After the unprecedented success of graphene research, other materials that can also be exfoliated into thin layers, like Transition metal dichalcogenides (TMDs) such as molybdenum disulfide (MoS2), have also become the subjects of extensive studies. As one of the most promising methods for large scale production of such materials, liquid-phase exfoliation (LPE) has also been the subject of extensive research and is maturing as a field to the point that devices using additive manufacturing and printed nanosheets are often reported. The stability of the nanosheets in environmentally friendly solvents, particularly in water, with or without stabilizers, is still a focus of great interest for sustainable and commercial production. In this thesis, different methods of LPE in water with and without stabilizers are investigated and discussed. Stabilizers such as surfactant sodium dodecyl sulfate (SDS) and modified cellulose2-hydroxyethyl cellulose (HEC), were employed. Because waterdoes not have surface energy parameters that match those of2D materials, the dispersions in water do not usually have a high yield. Therefore, to circumvent the use of organic solvents that are known to be able to successfully exfoliate and stabilize nanosheets of two-dimensional materials, this thesis focuses on water as the solution-process medium for exfoliation and the assisting stabilizers used to keep the exfoliated nanomaterials in dispersion with a long half-time. Surfactant-assisted dispersions are discussed together with test-printing resultsusing inkjet to deposit the material. Process parameters for the LPE method using HEC as a stabilizer are presented together with thin nanosheets characterized by Raman spectroscopy. Dispersions using HEC presented the longest half-time among the studied methods, higher than previously reported values for methods using mixed low-boiling-point solvents. Devices using exfoliated nanosheets have been fabricated and presented in the present study. The photoconductivity of MoS2 using a device fabricated with LPE MoS2 nanosheets and the cathodoluminescence of LPE MoS2 are discussed. Although fabricated with mechanically exfoliated nanosheets and not LPE ones, another photodetector fabricated with one of the MoS2 grades used in this thesis is presented to highlight the excellent photoresponse of this material. A method of producing thin nanosheets with-out stabilizers by pre-processing the MoS2 grades withs and papers is introduced. With this method, nanosheets with a lateral size of around 200nm and a concentration around 0.14 g L−1 - that is half the concentration at the same processing conditions in solvent n-methyl pyrrolidone (NMP) - are discussed. Inkjet printing as a deposition method is discussed together with the requirements for the 2D inks. Printed organic electronics using the conductive polymer PEDOT:PSS are compared to those using commercially-available graphene ink, with a focus on printing on paper substrates. In order to bring the thesis into perspective from materials to device fabrication, I study the suitability of inkjet paper substrates for printed electronics, by extensively characterizing the chemical and physical properties of their ink-receiving layers (IRLs) and their impact on the electronic properties of the conductive printed lines.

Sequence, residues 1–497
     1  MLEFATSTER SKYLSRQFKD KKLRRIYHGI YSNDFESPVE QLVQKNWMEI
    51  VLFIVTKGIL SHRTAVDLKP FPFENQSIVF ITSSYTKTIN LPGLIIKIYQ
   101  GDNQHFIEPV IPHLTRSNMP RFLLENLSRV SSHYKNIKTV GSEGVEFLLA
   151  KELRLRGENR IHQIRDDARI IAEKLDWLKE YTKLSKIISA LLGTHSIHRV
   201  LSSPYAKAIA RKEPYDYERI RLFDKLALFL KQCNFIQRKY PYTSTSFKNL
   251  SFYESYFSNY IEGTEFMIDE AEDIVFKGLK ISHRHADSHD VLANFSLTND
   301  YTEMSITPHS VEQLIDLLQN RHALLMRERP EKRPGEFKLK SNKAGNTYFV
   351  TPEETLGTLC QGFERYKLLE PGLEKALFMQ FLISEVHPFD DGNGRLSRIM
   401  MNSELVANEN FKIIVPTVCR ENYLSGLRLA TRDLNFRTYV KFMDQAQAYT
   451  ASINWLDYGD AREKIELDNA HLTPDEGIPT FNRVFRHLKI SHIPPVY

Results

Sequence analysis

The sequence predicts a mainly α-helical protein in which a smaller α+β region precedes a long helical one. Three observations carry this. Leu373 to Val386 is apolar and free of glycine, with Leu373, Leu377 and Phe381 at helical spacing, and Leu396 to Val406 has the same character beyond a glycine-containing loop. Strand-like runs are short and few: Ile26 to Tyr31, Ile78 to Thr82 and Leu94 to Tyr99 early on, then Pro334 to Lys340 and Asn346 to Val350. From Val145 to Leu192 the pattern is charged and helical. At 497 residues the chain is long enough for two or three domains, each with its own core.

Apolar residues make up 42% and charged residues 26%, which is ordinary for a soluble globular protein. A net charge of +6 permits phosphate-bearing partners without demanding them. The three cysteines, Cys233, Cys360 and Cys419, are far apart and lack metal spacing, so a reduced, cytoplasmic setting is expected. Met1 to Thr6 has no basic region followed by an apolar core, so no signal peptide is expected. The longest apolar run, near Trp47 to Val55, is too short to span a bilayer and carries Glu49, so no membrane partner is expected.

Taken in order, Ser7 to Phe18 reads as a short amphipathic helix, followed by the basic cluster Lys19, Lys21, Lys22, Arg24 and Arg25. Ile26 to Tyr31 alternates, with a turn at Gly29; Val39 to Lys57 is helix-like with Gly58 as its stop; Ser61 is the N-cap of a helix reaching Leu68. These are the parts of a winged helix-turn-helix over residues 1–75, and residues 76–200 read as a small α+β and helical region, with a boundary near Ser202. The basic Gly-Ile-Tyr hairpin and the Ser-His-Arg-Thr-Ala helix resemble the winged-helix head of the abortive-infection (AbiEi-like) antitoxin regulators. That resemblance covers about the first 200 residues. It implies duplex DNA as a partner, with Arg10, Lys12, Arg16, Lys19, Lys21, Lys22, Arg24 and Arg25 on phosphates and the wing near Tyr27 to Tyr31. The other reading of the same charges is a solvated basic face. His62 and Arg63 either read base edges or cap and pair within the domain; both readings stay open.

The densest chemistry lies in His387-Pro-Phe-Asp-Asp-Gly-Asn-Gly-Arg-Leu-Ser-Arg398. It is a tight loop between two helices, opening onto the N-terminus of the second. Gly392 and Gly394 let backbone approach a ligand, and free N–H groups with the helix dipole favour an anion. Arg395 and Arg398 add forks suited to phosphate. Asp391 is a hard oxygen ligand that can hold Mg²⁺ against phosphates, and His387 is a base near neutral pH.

Place, publisher, year, edition, pages
Sundsvall: Mid Sweden University, 2019. p. 125
Series
Mid Sweden University doctoral thesis, ISSN 1652-893X ; 305
Keywords
molybdenum disulfide (MoS2), transition metal dichalcogenide (TMD), thin films, inkjet printing, 2D inks, liquid-phase exfoliation, shear exfoliation, printed electronics, organic electronics, PEDOT:PSS, photoresponse, photocurrent, cathodoluminescence
National Category
Natural Sciences
Identifiers
urn:nbn:se:miun:diva-37287 (URN)978-91-88947-19-2 (ISBN)
Public defence
2019-10-18, O102, Sundsvall, 10:15 (English)
Opponent
Supervisors
Note

Vid tidpunkten för disputationen var följande delarbete opublicerat: delarbete 3 (inskickat).

At the time of the doctoral defence the following paper was unpublished: paper 3 (submitted).

Available from: 2019-09-23 Created: 2019-09-23 Last updated: 2019-09-23Bibliographically approved